Autecological traits determined two evolutionary strategies in Mediterranean plants during the Quaternary: low differentiation and range expansion versus geographical speciation in Linaria.
colonization, Mediterranean, speciation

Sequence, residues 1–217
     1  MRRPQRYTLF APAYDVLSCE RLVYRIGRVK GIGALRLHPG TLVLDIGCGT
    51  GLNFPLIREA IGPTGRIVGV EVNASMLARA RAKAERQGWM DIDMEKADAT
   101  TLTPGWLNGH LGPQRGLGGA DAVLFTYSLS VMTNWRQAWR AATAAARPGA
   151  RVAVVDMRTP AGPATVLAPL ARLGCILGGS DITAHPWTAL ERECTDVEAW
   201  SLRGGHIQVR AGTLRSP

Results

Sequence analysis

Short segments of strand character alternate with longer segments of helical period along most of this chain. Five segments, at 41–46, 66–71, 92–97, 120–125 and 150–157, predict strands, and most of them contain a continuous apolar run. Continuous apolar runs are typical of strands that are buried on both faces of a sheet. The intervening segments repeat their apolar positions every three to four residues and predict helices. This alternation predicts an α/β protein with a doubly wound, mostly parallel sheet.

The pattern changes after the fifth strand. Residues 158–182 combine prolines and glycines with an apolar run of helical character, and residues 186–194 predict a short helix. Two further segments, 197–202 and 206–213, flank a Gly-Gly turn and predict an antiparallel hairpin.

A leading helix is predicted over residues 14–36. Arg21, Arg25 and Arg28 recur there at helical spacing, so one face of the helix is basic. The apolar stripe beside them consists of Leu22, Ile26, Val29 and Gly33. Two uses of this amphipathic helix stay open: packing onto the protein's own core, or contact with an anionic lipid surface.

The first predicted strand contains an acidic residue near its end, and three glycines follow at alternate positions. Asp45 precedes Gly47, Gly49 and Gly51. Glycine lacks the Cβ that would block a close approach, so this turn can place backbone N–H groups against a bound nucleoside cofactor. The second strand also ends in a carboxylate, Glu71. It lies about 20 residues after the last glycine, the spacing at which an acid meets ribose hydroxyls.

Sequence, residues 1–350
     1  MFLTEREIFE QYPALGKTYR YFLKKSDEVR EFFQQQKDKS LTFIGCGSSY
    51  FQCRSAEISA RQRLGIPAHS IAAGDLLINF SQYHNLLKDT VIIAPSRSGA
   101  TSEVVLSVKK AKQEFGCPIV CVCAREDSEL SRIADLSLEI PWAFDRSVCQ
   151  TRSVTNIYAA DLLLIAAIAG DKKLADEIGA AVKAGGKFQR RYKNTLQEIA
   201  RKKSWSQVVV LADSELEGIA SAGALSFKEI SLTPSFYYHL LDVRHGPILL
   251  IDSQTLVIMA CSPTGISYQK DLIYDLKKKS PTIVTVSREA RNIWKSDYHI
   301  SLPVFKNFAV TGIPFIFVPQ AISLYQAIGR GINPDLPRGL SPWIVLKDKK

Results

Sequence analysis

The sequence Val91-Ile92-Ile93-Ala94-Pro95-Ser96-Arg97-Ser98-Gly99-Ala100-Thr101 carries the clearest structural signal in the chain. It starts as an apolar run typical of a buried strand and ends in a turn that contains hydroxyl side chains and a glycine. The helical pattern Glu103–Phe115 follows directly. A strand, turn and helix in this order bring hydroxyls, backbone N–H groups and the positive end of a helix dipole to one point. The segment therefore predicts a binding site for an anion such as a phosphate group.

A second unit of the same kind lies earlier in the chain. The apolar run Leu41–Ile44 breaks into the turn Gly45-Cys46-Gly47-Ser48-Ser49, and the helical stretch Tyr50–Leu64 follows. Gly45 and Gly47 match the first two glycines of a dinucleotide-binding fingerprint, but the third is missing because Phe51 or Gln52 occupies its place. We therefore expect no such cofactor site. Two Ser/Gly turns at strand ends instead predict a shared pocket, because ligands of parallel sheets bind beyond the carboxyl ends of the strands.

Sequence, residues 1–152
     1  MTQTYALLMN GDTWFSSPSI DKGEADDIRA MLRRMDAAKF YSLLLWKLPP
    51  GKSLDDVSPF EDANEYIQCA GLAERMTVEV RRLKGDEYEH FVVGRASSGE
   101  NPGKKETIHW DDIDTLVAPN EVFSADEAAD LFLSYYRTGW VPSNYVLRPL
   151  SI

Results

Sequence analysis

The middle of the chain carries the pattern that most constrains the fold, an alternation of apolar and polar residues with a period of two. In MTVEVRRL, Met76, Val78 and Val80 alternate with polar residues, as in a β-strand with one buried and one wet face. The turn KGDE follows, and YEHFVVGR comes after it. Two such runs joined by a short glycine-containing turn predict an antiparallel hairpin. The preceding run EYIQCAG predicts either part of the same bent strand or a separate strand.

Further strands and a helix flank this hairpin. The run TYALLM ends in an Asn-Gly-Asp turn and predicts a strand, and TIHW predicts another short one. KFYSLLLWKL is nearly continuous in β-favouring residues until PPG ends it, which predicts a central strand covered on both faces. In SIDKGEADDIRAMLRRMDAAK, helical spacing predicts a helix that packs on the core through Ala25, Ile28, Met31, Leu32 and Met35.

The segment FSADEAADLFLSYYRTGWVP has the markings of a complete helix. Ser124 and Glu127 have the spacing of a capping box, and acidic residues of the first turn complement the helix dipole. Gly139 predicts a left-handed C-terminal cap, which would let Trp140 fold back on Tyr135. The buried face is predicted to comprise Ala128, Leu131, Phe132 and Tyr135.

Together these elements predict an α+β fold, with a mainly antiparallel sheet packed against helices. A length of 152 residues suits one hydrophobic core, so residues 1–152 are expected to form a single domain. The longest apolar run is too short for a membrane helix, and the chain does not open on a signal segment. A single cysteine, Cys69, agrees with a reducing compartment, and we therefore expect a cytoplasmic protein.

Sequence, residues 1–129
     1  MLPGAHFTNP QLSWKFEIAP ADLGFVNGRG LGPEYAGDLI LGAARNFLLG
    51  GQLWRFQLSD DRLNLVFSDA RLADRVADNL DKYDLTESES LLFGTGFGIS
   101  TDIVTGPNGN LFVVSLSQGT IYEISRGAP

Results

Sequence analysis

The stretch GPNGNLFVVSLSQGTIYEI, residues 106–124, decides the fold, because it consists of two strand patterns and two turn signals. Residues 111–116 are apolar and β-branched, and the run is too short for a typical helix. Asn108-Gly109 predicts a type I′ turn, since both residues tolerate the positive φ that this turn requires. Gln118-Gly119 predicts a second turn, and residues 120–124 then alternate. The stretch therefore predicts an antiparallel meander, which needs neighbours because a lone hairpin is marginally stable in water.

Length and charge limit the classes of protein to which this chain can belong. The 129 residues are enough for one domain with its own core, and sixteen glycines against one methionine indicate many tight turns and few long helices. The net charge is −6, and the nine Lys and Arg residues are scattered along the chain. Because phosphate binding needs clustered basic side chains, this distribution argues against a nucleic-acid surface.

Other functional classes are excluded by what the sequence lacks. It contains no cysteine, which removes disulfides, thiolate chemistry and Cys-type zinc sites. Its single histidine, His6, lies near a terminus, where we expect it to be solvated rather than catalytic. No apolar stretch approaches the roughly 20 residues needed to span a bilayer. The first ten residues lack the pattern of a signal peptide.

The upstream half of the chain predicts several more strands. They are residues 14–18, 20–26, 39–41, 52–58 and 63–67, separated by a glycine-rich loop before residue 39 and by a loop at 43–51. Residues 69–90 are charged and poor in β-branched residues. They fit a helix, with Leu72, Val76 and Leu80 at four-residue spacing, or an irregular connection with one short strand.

The evolutionary patterns of the Mediterranean flora during the Quaternary have been relatively well documented based on phylogenetic and biogeographic analyses, but few studies have addressed the evolutionary traits that determined diversification and range expansion success during this period. We analysed previously published and newly generated sequences of three plastid noncoding regions (rpl32-trnL(UAG) , trnS-trnG and trnL-trnF), the nuclear ribosomal internal transcribed spacer (ITS) and a low-copy nuclear gene intron (AGT1) of Linaria sect. Supinae, a group of angiosperms that diversified in the Quaternary. The origin and recent colonization dynamics of closely related lineages were inferred by biogeographic reconstruction and phylogeographic analyses, while breeding system experiments coupled with ecological and morphological data were used to test association with range expansion and diversification. A combination of traits, including selfing, short lifespan and the ability to tolerate a wide variety of substrates, were key factors underlying range expansion after long-distance dispersal throughout the Mediterranean basin. By contrast, self-incompatibility may have promoted higher diversification rates in narrow ranges of the Iberian Peninsula. We argue that a few traits contributed to the adoption of two contrasting strategies that may have been predominant in the evolution of Mediterranean angiosperms.